Gougères are fantastic for spring get-togethers – they’re great for nibbling any time of the year, particularly when there’s wine involved, but seem particularly well-suited to spring gatherings, and just as fitting for brunch as cocktails on the patio, if you’re lucky enough to be rid of the snow. If not, mix up a batch of these, open a bottle of wine and hunker down.
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This! Is what Easter weekend is all about. Sweet breakfast breads (waffles! crêpes! cinnamon buns! babka!) and trying to outsmart the nephews (who are smaller, bendier and wilier than I) for Mini Eggs. I gave cinnamon babka a go early – I’ve wanted to try it for awhile, and figured chocolate babka on top of the Easter hunt may be a bit over the top. Truth: cinnamon is not a lesser babka.
Also! I had a jar of Rosen’s Cinnamon Bun Spread on my shelf, and it suddenly seemed as if it was made for babka. It was – if you can get your hands on a jar, a small one was perfect for two babkas, and I warmed it for no more than 10 seconds in the microwave first just to give it added spreadability. Otherwise, mix brown sugar, butter and cinnamon, and a bit of honey or maple syrup for added stickiness.
Really, I just wanted to make another babka so I could take pictures of it. They’re so ridiculously satisfying to make – all the twistiness makes it look finicky, but it’s really not – it’s forgiving, and once you cut and twist and tuck the dough into the pan, no matter how wonky it is, it will look fabulous coming out of the oven. Which is what I love about the chemistry of baking.
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My new favourite getaway is an escape to a not-so-back country lodge in the Rocky mountains – one you don’t have to access by ski or snowshoe with your stuff strapped to your back, but can in fact drive right up to, park your car, and be sitting in front of a crackling wood fire in five minutes. Although it’s spring break and my feeds are full of friends dipping toes into pools and sitting on beaches, to me this is the stuff dreams are made of. And it’s pure Canadiana.
These not-so-back country lodges are a little off the beaten path (literally), and so tend to not be as front-of-mind as the usual Banff/Canmore/Lake Louise hotel destinations. I’ve been to a few, but once I started seeking them out I realized how much I love them, how they embody coziness and encourage unplugging, how (unless you ski – I haven’t for years) they offer a true hideout from modern day life. And while all have access to wireless, it’s usually a challenge to get a good signal, so you’re almost forced to disconnect.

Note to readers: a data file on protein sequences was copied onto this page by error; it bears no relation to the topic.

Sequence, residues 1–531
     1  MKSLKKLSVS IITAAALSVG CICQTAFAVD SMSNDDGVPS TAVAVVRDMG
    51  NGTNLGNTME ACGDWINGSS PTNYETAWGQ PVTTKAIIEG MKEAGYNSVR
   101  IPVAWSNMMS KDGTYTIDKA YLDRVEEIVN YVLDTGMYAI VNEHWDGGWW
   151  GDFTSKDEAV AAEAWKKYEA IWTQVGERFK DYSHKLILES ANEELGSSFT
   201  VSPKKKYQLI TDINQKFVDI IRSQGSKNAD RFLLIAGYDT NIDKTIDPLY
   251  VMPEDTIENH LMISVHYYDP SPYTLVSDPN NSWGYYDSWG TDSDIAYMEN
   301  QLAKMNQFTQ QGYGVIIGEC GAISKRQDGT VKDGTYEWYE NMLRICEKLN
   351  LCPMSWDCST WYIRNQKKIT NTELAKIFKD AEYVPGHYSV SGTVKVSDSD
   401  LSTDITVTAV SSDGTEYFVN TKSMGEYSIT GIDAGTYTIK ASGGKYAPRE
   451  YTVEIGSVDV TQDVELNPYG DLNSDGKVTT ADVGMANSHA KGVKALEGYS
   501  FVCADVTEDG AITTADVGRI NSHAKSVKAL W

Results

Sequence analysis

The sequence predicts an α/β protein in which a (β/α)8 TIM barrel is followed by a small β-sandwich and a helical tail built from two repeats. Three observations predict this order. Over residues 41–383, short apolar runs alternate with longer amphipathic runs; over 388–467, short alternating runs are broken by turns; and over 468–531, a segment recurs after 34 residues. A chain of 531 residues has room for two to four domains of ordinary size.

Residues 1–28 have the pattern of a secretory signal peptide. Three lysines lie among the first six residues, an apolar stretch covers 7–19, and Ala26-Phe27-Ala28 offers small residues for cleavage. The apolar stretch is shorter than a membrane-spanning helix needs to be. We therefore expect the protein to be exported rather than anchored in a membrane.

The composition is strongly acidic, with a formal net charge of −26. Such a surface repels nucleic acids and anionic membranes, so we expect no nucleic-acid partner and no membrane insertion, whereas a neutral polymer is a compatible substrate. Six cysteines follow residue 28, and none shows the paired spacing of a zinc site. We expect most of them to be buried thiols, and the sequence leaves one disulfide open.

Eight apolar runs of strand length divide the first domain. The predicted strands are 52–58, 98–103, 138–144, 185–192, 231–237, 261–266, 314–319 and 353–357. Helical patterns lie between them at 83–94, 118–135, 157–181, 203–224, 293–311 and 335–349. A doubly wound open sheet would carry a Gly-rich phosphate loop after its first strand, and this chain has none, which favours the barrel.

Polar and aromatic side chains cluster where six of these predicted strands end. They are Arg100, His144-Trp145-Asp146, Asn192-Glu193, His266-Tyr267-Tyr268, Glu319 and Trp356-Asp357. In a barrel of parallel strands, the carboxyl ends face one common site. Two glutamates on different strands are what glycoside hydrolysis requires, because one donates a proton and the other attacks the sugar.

Last summer I was doing some filming at Storm Mountain Lodge. I had never been, and completely fell in love with the place. Constructed in 1922 as one of eight Bungalow Camps built by Canadian Pacific Railway to promote tourism in the Rockies, the original log lodge and dozen bungalows are still in use. It was built with the perfect vantage point, with a panorama of mountain peaks as a backdrop; in the early 1920’s, Canadian Pacific named this driving route the most spectacular motor trip on the continent.
I mean come on – how could you not completely adore this place? It’s like the ultimate family cabin.
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This was all that I salvaged from the show this morning – we all stood around the plate at the studio and stabbed at it with forks at 8:30 am.
Alright, so it’s not really a *pie*. But it was baked in a pie plate and is technically topped with pastry, so I call it fair game to celebrate Pi day. Plus it’s unbelievably delicious, and outside my regular wheelhouse – normally I would have celebrated by clearing the last of the rhubarb out of my freezer, but David put in a subtle request yesterday for CBC this morning, and so I went ahead and made it. Which is why I have these photos taken on my phone in the dark of late last night and early this morning – not ideal, but you get the gist. I wanted you to see what the stewy part looked like, and the crumpled phyllo on top.
It’s pretty straightforward, as far as braises go – the original instructs tossing the meat in flour, but I prefer to brown the meat itself, and get some good colour on it before shaking some flour overtop to thicken the stewy sauce. Beyond the spices – I had ras el hanout, but either ran out or couldn’t find it, and didn’t miss it at all – and I left out the cloves because I’m not a fan, and the saffron because I don’t expect anyone to have it in their kitchen. In went a tin of tomatoes, two lemon halves, squeezed and zested and tossed in whole, along with a cinnamon stick and some honey and a pour of pomegranate molasses, and oh, was it delicious. I made it last night and topped it with scrunched-up buttered sheets of phyllo this morning for the show, and although I tend to glaze over when I see crumpled phyllo-topped things, it was perfect – crunchy and buttery and light, giving you the sensation of eating pastry without being heavy. A shortcrust lid on this lamb stew might have put it over the top, but a few sheets of phyllo was brilliant.